|Ghosts of King Solomon's Mines
An account of Graham Lord's return after 30 years to the lands of his childhood,
Zimbabwe and Mozambique
1991 - Sinclair-Stevenson - Hardback
“This marvellously evocative book” – John Conyngham, Sunday Times
“Sad, wistful and thought-provoking. Yet it is also life enhancing...The reporting of conditions there now is absolutely first-class, packed with detail” – Peter McKay, Evening Standard
“A lively blend of autobiography, travelogue and reportage...Lord writes with a candour and a nicely sceptical and unsentimental eye that make these portraits singularly vivid” – William Boyd
Legend has it that Sir Rider Haggard’s African adventure novel King Solomon’s Mines, published in 1885, was inspired by the savage, beautiful tribal lands of Manica and Sofala, which were soon to become Southern Rhodesia and Portuguese East Africa and are now the independent black nations of Zimbabwe and Mozambique. Great Zimbabwe itself, the mysterious ruined fortress deep in the bush, may have been the capital of a black empire controlled by the medieval King Munumutapa and a staging post for Arab traders hauling their gold, ivory and slaves down to the Indian Ocean coast at Sofala near the crumbling Mozambican city of Beira.
Graham Lord was born near one of Zimbabwe’s “Solomon’s mines” in 1943, when the country was still Southern Rhodesia and very British, and was educated at a very English prep school nearby in the Vumba Mountains. He also lived until he was 17 in Beira, in Mozambique, which was then all but a British colony even though it belonged to the Portuguese. After he left Africa to go to Cambridge both countries suffered terrible civil wars and flirted with Marxism and for 30 years Lord was haunted by his memories of those exotic lands and by their ghosts: the 13 missionary teachers and children who were massacred at his prep school during Ian Smith’s Rhodesian war of independence; the British of Beira who waltzed through the 1930s to the strains of Ruby Maclean’s band at the old Savoy Hotel; the spectres of his boyhood home beside the Indian Ocean.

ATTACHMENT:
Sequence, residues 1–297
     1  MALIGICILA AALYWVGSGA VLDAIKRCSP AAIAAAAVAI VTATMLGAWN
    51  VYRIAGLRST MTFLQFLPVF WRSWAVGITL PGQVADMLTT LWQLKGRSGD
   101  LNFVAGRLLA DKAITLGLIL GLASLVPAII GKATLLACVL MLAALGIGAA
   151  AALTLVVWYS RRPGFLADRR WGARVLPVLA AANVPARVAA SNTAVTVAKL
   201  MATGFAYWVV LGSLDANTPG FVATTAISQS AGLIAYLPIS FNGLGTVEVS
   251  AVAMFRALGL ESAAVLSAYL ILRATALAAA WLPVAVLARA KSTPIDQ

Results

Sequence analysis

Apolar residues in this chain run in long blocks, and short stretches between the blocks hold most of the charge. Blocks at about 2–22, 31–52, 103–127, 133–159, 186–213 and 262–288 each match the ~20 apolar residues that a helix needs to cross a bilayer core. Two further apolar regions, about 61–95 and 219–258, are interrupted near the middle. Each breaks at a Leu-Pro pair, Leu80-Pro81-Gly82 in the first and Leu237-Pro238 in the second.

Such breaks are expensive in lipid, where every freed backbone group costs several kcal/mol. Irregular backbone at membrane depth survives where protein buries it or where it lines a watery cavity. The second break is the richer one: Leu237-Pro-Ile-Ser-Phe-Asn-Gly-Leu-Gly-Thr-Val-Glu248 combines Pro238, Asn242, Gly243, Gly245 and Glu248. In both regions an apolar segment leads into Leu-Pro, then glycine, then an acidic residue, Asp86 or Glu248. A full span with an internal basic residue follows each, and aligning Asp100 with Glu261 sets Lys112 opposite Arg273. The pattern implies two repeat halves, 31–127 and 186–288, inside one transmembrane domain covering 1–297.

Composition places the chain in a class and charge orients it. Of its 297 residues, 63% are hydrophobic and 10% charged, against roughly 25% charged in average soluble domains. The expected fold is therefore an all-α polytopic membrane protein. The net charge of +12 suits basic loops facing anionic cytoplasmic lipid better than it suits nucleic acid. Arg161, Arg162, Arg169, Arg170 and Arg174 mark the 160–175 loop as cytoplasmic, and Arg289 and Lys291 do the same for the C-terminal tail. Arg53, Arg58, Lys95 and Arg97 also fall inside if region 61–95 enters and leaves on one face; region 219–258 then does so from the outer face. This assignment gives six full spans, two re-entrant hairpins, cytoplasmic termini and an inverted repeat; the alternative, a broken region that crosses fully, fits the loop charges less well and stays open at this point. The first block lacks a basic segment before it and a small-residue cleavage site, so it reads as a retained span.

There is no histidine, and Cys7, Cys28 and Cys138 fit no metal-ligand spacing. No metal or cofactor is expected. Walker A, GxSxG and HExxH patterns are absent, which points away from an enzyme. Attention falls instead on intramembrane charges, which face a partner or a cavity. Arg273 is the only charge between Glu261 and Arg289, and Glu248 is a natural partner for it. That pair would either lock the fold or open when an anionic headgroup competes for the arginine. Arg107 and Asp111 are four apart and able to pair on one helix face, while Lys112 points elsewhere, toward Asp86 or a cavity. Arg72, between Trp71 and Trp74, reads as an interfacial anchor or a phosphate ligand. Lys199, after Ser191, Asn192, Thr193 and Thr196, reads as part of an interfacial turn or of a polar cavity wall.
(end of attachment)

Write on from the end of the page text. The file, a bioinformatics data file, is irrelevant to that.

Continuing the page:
At last, in 1990, for the first time in 30 years, he returned to the lands of his childhood and spoke to some of the survivors, among them ex-Prime Ministers Ian Smith, Sir Garfield Todd and Sir Roy Welensky. This is his report of what his Africa was like in the 1940s and 1950s and what it had become by 1990. It is a vivid mixture of autobiography, history, travelogue and political journalism, a personal quest that gives the reader an extraordinary picture of two countries and their peoples.